• Co-60: high-energy gamma, which may result large dose to unaffected ocular structures, and health care providers
  • Ir-192: same as Co-60

Visual complications

  • Thomas Jefferson; 2000 PMID 10980767 — "Plaque radiotherapy for uveal melanoma: long-term visual outcome in 1106 consecutive patients." Shields CL. Arch Ophthalmol. 2000 Sep;118(9):1219-28.
    • 1106 pts w/ upfront visual acuity better than 20/100 tracked for change in vision. Loss of visual acuity (<20/200) seen in 34% at 5 yrs and 68% at 10 yrs.
    • Factors predicting poor visual acuity included increasing tumor thickness, proximity to foveola <5 mm, patients > 60 y.o, recurrence, and cobalt.
    • Conclusions: Visual acuity best preserved for small tumors >5 mm from foveola/optic disk, and w/ I-125.

Macular Edema

  • May be seen as early as 4 months after plaque RT, with peak incidence 12-18 months
  • Associated with significant vision loss
  • Randomized trial from Thomas Jefferson shows significant benefit for periocular triamcinolone

  • Thomas Jefferson (2005-2005) -- Plaque RT +/- periocular triamcinolone
    • Randomized. 163 patients, new diagnosed uveal melanoma, I-125 plaque brachytherapy. Arm 1) control vs. Arm 2) periocular injection of triamcinolone acetonide (40 mg in 1 ml) at time of plaque insertion, 4 months, and 8 months later. Optical coherence tomography
    • 2009 PMID 19481812 -- "Periocular Triamcinolone for Prevention of Macular Edema after Plaque Radiotherapy of Uveal Melanoma A Randomized Controlled Trial." (Horgan N, Ophthalmology. 2009 May 28.) Mean F/U >1.5 years
      • Outcome: Macular edema control 58% vs. triamcinolone 36% (SS). NNT 4.5 patients. Moderate vision loss 48% vs. 31% (SS), severe vision loss 15% vs. 5% (SS)
      • Toxicity: elevated IOP (NS), cataract progression (NS)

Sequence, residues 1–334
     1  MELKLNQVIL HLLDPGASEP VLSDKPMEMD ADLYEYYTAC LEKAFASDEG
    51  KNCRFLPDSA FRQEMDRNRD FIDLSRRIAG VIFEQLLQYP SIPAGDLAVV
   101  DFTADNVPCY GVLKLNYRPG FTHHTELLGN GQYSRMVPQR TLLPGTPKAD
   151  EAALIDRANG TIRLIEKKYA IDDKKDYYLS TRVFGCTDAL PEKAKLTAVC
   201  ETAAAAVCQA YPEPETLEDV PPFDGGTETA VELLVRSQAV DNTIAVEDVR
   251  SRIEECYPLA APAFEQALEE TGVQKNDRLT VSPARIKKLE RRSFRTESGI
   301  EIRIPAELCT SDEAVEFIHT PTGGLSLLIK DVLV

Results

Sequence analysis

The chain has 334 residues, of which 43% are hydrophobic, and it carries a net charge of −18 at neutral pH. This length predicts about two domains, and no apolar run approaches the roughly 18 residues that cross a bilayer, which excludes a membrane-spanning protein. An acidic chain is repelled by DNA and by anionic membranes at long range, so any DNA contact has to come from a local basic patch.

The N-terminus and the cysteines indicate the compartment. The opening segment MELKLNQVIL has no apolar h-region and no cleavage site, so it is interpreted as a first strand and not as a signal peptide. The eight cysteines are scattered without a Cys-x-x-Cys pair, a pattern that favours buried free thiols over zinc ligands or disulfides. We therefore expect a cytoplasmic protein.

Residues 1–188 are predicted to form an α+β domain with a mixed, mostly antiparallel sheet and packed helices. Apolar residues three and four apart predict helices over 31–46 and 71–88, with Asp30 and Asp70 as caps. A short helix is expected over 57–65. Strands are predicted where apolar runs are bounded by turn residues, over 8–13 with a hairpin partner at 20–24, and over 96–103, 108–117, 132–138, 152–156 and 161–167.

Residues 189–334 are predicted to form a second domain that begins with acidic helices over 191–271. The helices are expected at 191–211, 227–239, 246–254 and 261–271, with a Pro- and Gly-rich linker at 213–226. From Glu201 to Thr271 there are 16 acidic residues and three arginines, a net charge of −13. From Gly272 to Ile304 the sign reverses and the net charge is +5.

• Periocular triamcinolone beneficial in reducing risk of macular edema, and moderate/severe vision loss

Gamma Knife[edit | edit source]

  • Tufts; 2009 (2000-2007) PMID 19286331 -- "Dose de-escalation with gamma knife radiosurgery in the treatment of choroidal melanoma." (Schirmer CM, Int J Radiat Oncol Biol Phys. 2009 Sep 1;75(1):170-6. Epub 2009 Mar 13.)
    • Retrospective. 14 patients, treated with SRS. Mean marginal dose 22 Gy (20-25). Mean tumor volume 1.1 cc
    • Outcome: Local control 93%. Intraocular and DM spread in 1 patient
    • Toxicity: Visual preservation in 36%
    • Conclusion: Choroidal melanoma can be safely treated with marginal dose <25 Gy

Proton Therapy[edit | edit source]

  • Nice Hospital; 2010 (1991-2007) PMID 19910136 -- "Proton beam radiotherapy for uveal melanomas at nice teaching hospital: 16 years' experience." (Caujolle JP, Int J Radiat Oncol Biol Phys. 2010 Sep 1;78(1):98-103. Epub 2009 Nov 10.)
    • Retrospective. 886 patients, uveal melanoma T1 4%, T2 47%, T3 46%, T4 2%. Median F/U 5.3 years
    • Outcome: Local control 5-years 94%, 10-years 92%. 5-year OS T1 92%, T2 89%, T3 67%, T4 62%; 10-year OS 86%, 78%, 43%, 41%. Ocular preservation 5-years 91%, 10-year 87%. Predictors for death: higher age, higher thickness, larger basal diameter, higher volume, and higher volume/eyeball ratio